By Daniel Christopher Sabau, News Correspondent
When the Wayans brothers come to mind, people may associate the hilarious, quirky pair with classic comedies such as “White Chicks,” “Scary Movie” and most recently 2013’s “A Haunted House.” Hailing from the “First Family of Entertainment,” this duo is more than a good laugh. Continuing with their comedic route, Marlon and Shawn Wayans visited Northeastern University on Monday night to a full audience at Blackman Auditorium, hosted by Kappa Sigma fraternity.
Brooklyn native Wil Sylvince – featured on Comedy Central and BET Comic View – warmed up the crowd of 600 consisting of Greek society, students and alumni alike, with stories of his strict Haitian childhood, sex life and multiple digs at the diverse nationalities spread amongst the crowd. Sylvince’s comedic timing proved a favorite among all, and there was not a dry eye in the building, creating a roaring mass fit to welcome the dynamic fraternal Wayans duo.
As the youngest of 10 siblings, Marlon and Shawn had a lot to live up to. Being a part of one of the most complex African-American entertainment families in the world, boasting generations of actors, models, producers, composers, writers and directors; it was not all red carpet and paparazzi for these boys. Marlon, the youngest of the Wayans clan, graduated from LaGuardia High School of Music & Art and Performing Arts before attending Howard University. Shawn, the second youngest chose a different route and began his career on the family’s Fox sketch comedy show, “In Living Color” created by brothers, Keenan and Damon.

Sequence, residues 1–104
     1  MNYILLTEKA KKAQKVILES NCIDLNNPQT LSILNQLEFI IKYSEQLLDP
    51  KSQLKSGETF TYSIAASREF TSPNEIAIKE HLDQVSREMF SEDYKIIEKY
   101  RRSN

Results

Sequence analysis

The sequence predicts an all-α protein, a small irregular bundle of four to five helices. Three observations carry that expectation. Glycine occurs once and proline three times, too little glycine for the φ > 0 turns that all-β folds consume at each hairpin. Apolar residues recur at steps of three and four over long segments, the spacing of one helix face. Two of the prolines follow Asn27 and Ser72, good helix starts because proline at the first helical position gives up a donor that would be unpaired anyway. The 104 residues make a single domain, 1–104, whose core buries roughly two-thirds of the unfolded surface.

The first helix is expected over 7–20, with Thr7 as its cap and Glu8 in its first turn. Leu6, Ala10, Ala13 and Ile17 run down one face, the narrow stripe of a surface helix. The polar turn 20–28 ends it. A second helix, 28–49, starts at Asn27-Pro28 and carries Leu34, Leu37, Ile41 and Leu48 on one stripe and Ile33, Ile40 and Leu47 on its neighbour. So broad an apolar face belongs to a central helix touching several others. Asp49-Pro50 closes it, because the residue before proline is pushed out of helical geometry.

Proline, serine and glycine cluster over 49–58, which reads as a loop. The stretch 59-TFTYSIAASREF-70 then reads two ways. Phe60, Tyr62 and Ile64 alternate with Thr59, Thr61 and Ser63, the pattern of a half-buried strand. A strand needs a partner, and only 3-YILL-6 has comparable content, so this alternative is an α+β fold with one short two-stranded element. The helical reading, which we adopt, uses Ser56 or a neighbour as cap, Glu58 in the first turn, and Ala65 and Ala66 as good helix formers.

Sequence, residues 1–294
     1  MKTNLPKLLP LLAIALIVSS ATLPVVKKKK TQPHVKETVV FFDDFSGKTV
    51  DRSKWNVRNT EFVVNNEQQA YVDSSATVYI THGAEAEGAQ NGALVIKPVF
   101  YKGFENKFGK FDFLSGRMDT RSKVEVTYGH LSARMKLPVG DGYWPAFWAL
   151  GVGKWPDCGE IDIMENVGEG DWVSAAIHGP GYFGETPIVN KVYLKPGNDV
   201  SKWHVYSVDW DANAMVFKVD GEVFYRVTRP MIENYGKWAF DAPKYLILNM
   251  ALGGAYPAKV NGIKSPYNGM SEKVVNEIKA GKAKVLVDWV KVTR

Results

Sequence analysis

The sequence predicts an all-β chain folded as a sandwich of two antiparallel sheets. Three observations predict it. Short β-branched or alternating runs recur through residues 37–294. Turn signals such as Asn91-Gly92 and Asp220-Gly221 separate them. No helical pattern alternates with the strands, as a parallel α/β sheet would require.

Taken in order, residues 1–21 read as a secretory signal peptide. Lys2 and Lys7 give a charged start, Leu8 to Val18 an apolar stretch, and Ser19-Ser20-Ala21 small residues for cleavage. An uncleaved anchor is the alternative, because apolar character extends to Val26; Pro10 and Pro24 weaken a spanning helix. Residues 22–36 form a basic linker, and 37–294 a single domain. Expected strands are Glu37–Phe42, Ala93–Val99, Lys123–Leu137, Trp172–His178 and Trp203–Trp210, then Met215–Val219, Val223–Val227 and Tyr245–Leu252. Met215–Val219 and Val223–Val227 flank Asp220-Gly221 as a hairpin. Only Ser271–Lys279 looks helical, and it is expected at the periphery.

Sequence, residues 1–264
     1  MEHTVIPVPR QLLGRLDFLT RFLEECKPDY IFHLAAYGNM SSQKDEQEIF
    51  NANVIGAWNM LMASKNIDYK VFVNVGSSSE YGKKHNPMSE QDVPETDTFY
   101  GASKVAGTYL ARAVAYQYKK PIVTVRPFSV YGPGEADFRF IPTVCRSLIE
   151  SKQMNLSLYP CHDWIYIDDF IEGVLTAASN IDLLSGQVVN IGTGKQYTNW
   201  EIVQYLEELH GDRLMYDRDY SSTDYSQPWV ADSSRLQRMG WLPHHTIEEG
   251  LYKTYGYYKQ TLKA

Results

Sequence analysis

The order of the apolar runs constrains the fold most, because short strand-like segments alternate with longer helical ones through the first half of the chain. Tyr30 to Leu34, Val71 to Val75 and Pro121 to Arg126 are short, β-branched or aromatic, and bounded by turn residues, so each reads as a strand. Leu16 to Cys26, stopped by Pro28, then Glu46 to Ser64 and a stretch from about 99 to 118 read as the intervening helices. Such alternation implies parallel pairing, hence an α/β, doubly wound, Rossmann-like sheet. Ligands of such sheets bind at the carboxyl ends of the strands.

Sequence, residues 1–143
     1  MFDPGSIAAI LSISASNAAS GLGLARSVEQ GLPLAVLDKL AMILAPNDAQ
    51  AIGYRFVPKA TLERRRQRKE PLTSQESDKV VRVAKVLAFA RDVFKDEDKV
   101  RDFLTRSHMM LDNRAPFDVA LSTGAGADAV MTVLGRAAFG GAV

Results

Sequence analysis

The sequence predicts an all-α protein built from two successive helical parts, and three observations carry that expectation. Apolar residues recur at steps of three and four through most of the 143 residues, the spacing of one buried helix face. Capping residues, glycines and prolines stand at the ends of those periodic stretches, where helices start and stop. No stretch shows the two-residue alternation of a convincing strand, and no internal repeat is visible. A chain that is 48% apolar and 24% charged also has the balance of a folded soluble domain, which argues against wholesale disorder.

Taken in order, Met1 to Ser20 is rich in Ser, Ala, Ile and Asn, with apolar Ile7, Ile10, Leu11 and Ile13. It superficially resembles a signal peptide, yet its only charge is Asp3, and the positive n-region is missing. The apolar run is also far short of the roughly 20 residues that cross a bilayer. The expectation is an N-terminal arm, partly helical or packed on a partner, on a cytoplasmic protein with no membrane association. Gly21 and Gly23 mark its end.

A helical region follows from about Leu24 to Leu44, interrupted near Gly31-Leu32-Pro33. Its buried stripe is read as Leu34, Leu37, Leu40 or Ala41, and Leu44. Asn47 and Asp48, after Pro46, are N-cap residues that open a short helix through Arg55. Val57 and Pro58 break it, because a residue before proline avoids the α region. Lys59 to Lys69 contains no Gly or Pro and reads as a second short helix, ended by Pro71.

“It was still a continued struggle to make a name for ourselves,” Marlon said. The duo went on to produce and work on other projects including another sketch comedy show, “The Wayans Bros.,” “My Wife and Kids,” and films such as “Dance Flick,” “Major Payne,” “Little Man” and the “Scary Movie” franchise. Marlon went on to be cast in more dramatic roles in “GI Joe: The Rise of Cobra” and Darren Aronofsky’s “Requiem for a Dream.”
Taking the stage first was younger brother Marlon; he arrived in true comedic form and began his performance by mocking the crowd of eager college students.
“Y’all white kids are a damn mess, you can’t handle your liquor. In college, the party doesn’t start until a white guy throws up, and even then, when the cops come, y’all don’t care about them, mouthing off and such. Y’all created cops, to chase my black ass around … that’s why I don’t hang out with Channing Tatum anymore,” said an exuberant Wayans. His jokes were met with cries of raucous laughter that echoed his equally rowdy behavior on stage.
He continued his set by energetically pacing the stage, bashing the Los Angeles Lakers and Kobe Bryant, and praising the Boston Celtics for being real men.
“Kobe’s a bitch, he couldn’t handle the heat of a cheating scandal so he had to go and accuse Shaq’s deficient self of doing the same thing,” he said. “We all know Shaq can’t defend himself with words … the man is a seven foot toddler. The Celtics don’t play like that.”
Following suit, Shawn Wayans took to the stage with just as much energy – not to mention crass jokes – as his younger brother.
Wayans kicked off his standup routine with digs at celebrities such as Kim Kardashian and Rick Ross.
“Why does Rick Ross always have his breasts hanging out? Brother needs to take a look in the mirror cause he’s shaped like a damn sea lion … ain’t nobody got time for that,” joked Wayans.
Shawn continued on with quips about the new generation of rap, mocking artists for the over sexualization of lyrics.
“Back in the day, you could really jam out to rap, anyone could, now, all I hear is ‘I was gettin’ some head, get, gettin’ some head’ … what the hell is going on? Lil Wayne has lost his damn mind.”
Closing the show, the Wayans teased of a follow-up film to their 2004 hit, “White Chicks,” which in itself created a massive roar from the crowd of fans as the brothers exited the stage.
It seemed as if all of Blackman is ready for another round of Tiffany and Brittany Wilson. Stay tuned.